Having just permanent colors isn't just enough, you also need, Yellow ocre, Ultramarine blue,  Burnt sienna, and so on.
Plus black and white.
Also mixing Magenta (quinacridone) and Cian result in a pretty different color than mixing Alzarin red and Ultramarine blue

Edited by Cicciopiu
grammar -.-
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It is worth learning to mix colors. Not easy. But worth doing. 

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8 minutes ago, TGP said:

It is worth learning to mix colors. Not easy. But worth doing.


Absolutely :)

Loup_Garou_Gras, don't be discouraged, maybe just have a look at the color theory ;)

Edited by Cicciopiu
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4 minutes ago, Loup_Garou_Gras said:

So , more complicated than I thought.  I may be better off buying the colors that appeal to me or I need.

 

Ehhh, yes and no. I think what @Cicciopiu is saying is that there are some colors that cannot be built off on the primaries. There are also hyper-bright colors that cannot be mixed. These neon colors are pretty unique.

 

Long story short, it sounds like you are wanting to experiment with a limited palette. Wren did an article about this, and essentially you need a pair of Warm/Cool of the primaries, plus White/Black. Also a brown (such as Burnt Umber) I would highly encourage watching Draw, Mix, Paint on YouTube on the foundations of color mixing and color matching. Specifically Color Mixing Rules to Remember and How to Match Any Color with Oil Paint. The same rules apply to Acrylic as they do to oils.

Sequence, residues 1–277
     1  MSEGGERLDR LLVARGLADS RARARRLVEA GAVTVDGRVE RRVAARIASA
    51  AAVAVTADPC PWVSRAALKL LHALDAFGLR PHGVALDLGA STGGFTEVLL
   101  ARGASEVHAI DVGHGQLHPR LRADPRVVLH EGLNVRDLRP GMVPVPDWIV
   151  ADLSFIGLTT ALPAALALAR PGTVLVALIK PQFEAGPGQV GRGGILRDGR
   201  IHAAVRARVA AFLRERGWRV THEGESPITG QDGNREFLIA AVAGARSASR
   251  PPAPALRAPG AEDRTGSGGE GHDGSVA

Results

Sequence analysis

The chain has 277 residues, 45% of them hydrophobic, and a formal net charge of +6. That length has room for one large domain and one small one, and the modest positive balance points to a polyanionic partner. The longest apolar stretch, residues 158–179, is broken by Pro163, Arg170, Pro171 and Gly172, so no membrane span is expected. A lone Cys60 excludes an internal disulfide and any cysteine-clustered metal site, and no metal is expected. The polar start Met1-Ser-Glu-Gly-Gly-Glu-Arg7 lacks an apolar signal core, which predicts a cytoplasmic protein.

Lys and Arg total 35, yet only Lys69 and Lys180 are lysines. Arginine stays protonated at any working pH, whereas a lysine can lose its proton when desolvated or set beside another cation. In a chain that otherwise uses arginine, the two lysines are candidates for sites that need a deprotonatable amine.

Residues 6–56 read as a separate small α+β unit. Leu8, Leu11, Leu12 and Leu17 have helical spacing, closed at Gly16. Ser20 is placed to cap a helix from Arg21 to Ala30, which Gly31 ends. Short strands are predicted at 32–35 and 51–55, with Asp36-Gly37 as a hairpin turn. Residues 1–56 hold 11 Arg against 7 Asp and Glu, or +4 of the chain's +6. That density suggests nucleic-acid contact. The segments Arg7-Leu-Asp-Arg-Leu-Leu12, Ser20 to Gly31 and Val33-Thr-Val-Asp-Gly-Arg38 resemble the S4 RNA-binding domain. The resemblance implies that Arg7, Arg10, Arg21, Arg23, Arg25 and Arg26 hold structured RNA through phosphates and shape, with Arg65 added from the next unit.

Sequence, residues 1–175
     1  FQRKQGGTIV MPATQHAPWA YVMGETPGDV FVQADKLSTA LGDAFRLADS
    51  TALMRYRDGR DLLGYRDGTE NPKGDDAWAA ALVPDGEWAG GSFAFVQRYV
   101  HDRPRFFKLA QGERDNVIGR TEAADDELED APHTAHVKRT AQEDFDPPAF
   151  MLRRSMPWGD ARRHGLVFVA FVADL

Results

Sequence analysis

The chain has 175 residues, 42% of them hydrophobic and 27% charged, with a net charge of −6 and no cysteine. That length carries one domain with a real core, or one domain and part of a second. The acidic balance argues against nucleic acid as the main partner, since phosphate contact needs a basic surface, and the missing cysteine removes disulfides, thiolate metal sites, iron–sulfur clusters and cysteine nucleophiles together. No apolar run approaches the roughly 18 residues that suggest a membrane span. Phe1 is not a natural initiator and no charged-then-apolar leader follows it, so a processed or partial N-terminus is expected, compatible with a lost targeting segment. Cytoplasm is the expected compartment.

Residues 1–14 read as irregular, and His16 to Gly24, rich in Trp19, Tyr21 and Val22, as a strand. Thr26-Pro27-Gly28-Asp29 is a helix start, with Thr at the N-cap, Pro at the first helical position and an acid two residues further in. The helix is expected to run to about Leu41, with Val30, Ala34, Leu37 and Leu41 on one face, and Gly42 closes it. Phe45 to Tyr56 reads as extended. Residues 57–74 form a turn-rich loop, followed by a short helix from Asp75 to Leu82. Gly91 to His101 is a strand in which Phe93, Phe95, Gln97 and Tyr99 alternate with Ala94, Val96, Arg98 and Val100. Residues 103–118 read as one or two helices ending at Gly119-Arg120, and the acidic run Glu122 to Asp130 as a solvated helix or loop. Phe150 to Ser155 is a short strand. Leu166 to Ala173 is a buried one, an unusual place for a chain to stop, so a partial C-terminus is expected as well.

Individual colors are very useful for time purposes, colors that cannot be mixed (ultra neon vibrant colors) and for visually seeing the color you want immediately, rather than by building it up by experience. It also uses less paint in building up particular colors.

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As always, you guys are a great source of information! Thank you for all of your responses. I will most definitely check out the videos you recommended.

 

@Al Capwn, I watched the videos you recommended, they are phenomenal! It really breaks down the color mixing process into a very easy process. Thanks again for the recommendation.

Edited by Loup_Garou_Gras
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This Reaper Toolbox hasn't been posted as a separate video. It starts around minute 18 of the linked video. In it Anne discusses which of the paints are a good mixing set and roughly comparable to single pigment artist paints. As mentioned, you will also want black and white with acrylic paints. You might also get a pre-mixed neutral mid-value grey to save time. (I'd probably suggest Rainy Grey.)